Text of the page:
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Blame It On The Reign

Iran's Javad Nekounam after the 2-1 loss to the Saudis on March 28
Iran's Javad Nekounam after the 2-1 loss to the Saudis on March 28
Just as politicians everywhere eagerly ride the wave of popular goodwill that comes with sporting achievements, Iran's president is being reminded that there's an ebb for every flow.

Some Iranian bloggers and Facebook users are trying to pin a home loss to Saudi Arabia in a 2010 World Cup qualifier on Mahmud Ahmadinejad, who is himself an avid football fan. The 2-1 setback dealt a severe blow to the national team's hopes for a berth in the championships, and already looks to have cost an angry Iranian coach his job.

But in the blogosphere, partisans claim the loss was the result of the "inauspicious" presence of Ahmadinejad, who is expected to seek reelection in the next few months and made a surprise visit to Tehran's Azadi Stadium in the 30th minute of the game.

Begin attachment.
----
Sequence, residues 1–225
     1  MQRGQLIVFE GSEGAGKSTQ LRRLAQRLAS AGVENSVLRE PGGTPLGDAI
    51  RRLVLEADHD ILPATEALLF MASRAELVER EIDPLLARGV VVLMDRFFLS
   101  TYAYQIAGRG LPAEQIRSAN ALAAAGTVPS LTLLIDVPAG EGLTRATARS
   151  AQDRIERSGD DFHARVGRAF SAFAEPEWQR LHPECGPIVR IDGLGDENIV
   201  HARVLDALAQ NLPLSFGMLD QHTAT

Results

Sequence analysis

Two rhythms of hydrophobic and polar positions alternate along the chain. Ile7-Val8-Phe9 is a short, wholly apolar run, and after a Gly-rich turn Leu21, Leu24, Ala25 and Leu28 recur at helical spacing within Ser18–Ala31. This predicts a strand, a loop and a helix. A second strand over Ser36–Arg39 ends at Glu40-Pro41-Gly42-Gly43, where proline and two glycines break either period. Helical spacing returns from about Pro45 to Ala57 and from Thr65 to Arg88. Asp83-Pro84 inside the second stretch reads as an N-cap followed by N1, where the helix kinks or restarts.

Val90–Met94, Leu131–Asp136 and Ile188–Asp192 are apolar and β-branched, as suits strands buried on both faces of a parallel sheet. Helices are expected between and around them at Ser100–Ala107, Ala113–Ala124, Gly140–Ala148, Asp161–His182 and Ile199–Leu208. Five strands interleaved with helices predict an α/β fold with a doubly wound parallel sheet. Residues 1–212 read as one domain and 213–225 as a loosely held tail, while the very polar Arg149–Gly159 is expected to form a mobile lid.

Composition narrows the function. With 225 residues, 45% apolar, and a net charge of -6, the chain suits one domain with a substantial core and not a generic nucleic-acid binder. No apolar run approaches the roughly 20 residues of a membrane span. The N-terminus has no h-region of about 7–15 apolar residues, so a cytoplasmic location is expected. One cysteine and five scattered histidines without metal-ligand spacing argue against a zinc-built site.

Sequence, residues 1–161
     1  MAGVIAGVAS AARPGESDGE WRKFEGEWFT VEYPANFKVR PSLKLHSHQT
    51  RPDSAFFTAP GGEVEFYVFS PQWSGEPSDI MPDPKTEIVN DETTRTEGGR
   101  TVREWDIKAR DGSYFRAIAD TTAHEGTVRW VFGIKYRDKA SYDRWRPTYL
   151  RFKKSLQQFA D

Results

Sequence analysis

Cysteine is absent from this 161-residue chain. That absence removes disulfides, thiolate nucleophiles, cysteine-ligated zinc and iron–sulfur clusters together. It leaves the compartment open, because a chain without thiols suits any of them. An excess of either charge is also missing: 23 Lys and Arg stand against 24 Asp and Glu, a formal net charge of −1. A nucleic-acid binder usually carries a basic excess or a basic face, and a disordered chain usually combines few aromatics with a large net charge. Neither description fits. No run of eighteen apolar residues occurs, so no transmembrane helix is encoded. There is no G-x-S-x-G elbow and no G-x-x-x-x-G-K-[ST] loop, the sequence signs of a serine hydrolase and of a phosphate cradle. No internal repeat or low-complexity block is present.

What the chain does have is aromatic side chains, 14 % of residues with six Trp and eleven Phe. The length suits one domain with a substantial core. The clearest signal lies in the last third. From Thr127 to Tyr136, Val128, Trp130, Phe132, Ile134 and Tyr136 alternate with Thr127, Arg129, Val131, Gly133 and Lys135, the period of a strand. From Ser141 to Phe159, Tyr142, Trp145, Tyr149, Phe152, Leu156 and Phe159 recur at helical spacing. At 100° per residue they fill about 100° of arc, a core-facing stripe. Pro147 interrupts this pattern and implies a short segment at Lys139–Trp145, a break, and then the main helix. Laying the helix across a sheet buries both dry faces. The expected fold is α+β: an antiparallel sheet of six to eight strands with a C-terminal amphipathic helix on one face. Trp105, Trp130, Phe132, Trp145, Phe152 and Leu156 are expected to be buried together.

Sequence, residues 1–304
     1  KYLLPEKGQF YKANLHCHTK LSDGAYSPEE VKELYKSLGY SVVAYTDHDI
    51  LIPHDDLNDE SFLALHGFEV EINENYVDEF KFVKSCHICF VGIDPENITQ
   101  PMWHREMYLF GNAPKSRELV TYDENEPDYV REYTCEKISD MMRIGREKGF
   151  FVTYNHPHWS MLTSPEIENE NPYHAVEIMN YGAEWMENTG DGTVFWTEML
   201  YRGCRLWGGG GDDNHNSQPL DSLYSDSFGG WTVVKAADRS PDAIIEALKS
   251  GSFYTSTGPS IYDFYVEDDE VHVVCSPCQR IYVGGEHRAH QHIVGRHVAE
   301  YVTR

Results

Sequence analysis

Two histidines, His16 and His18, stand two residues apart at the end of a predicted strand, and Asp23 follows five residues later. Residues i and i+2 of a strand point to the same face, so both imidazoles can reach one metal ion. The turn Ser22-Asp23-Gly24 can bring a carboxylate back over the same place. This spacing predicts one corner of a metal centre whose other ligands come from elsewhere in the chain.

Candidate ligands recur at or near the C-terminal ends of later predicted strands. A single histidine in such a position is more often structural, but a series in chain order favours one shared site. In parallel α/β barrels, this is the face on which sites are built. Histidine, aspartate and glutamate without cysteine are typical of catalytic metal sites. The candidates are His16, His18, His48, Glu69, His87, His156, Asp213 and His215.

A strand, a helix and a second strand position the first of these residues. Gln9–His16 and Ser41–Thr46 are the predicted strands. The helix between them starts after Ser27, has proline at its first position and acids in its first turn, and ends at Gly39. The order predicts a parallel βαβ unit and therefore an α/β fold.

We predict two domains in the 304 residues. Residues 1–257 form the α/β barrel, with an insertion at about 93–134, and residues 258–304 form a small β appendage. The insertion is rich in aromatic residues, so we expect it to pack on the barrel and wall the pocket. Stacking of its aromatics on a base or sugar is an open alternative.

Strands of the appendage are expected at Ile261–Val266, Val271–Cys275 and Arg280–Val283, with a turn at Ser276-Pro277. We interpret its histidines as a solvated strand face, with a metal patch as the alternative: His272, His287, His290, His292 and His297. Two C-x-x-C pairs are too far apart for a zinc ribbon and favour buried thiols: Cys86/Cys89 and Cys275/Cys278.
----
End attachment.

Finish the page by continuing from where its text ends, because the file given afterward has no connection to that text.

A "Moj Now" blogger draws a parallel with a wrestling defeat to Azerbaijan after another unannounced Ahmadinejad entrance. He and others argue that the president should stay away until after the election, since a series of losses in his presence could jeopardize the president's presumed bid for reelection.

Another blogger appeals directly to Ahmadinejad's sense of fairness: "Uncle Mahmud, couldn't you watch the game on TV and come to the stadium afterward?" Why, he quips, should Iranians be forced to pay the price of the president's admission and then bear the further pain of defeat?

-- Golnaz Esfandiari

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Written by RFE/RL editors and correspondents, Transmission serves up news, comment, and the odd silly dictator story. While our primary concern is with foreign policy, Transmission is also a place for the ideas -- some serious, some irreverent -- that bubble up from our bureaus. The name recognizes RFE/RL's role as a surrogate broadcaster to places without free media. You can write us at

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